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been forgiven and made happy ourselves, we ought to be trying to let others see it, so that they may wish to be made happy too. And," he continued, "this work of witnessing for Jesus is a work for all of us. It is not to be left to ministers, and Sunday-school teachers, and others; it is a work which every one of us ought to be trying to do. If some of you good working men have found Jesus, as your Saviour, He asks you to be His witnesses. He asks you to tell your friends and neighbours and your fellow-workmen "what great things He hath done for you.' And why should you not do it? why should not some of you stand up here to-night, and tell how much you owe to the blessed Saviour ?"
As soon as these remarks were brought to a close, our friend the cabman, who had been listening most attentively, stepped up to the speaker, and said: "If you'll allow me, sir, I should like to say a few words." "Certainly," was the reply; "nothing will please us more than to listen to you." So down came the preacher, and the cabman mounted the chair. It made no little commotion, I assure you. People began to whisper, "Why the cabman's going to speak!" and there was soon an extraordinary stillness. Some of the working men, with pipes in their mouths, looked and nodded at each other, as much as to say, "Is Cabby going to preach? I wonder what he'll find to talk about." Others came as close as they could get, and looked quite pleased, as if they wanted to say, "Now this is the right sort of 'thing; you've been telling us that you don't come out here to preach because you think yourselves better than we are; that you don't want to lecture us, but to try to do us good, and this seems the right way of showing it, by asking some of us to get up and have our say." A few were evidently a little surprised, but everybody seemed delighted, when the cabman very modestly stepped upon the chair, and when one of the friends took hold of his hat, and motioned the boys to keep still, it did not require a second look at the man's honest face to be convinced that he had not
accepted the preacher's challenge because he wished to put himself in a prominent position. Everything in his simple, unaffected manner, and in his earnest look, seemed to tell that his one aim was to bring glory to Christ. "Now, my friends,” said he, "I didn't think when I drove up here that I was so soon going to be found trying to address you. You see who I am: I'm a cabman-a London cabman; I dare say some of you see me drive by here sometimes. I'm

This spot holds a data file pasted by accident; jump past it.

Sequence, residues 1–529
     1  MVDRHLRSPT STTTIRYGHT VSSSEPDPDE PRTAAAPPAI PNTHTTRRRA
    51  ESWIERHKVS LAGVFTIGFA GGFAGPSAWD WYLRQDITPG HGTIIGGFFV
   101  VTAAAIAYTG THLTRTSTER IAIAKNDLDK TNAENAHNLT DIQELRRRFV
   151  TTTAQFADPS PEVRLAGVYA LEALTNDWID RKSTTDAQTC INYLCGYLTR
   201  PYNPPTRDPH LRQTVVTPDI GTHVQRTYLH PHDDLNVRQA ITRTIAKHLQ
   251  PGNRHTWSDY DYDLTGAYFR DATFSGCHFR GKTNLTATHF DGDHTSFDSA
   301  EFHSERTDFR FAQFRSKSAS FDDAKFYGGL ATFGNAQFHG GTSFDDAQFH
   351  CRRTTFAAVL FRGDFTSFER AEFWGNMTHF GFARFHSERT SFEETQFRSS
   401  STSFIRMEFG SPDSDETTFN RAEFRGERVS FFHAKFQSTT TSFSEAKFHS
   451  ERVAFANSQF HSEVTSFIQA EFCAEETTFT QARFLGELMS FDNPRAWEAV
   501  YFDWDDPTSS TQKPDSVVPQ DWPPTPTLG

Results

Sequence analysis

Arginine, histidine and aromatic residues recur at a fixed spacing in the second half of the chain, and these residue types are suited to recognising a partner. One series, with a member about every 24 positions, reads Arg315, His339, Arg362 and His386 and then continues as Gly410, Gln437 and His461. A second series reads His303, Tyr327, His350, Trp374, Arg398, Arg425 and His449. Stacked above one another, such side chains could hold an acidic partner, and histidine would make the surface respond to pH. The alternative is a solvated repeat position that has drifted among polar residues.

a working man like yourselves; and, as I said before, I had no thought of being found trying to speak to you to-night. But as the minister, who has just been addressing us, was speaking, I thought, 'Well, now, why should not I stand up and tell what Jesus has done for me? surely I owe Him as much as any man can.' So, by God's help, I am going to try and say a word or two to you, in my simple way about some of these things that we have just been hearing. My friends, I can tell you it is true what this minister has been telling us. Religion will make us happier and better men, and it will make our wives and children happier, and everybody around us happier." Then he went on to tell them what his home was before he got religion; how his money used to go to the public-house, while his wife and children were ragged and in want; and how wretchedly miserable he used to feel when he thought for a moment of the way in which he was living. But he had been mercifully led to see the error of his ways, and to come as a poor sinner to Christ; and now he was happy in the consciousness that God was his Father and Jesus Christ was his Saviour. Then he told them how changed his home was, and how he delighted now to read his Bible, and (whenever he had the opportunity) to go to God's house. He need hardly have told them that he had learned to love his Bible; the easy and correct way in which he quoted different portions of the New Testament was sufficient evidence of that. And everybody could see, from his neat appearance and his earnest and yet joyous face, that religion had not only made him respectable, but really happy. "Oh, my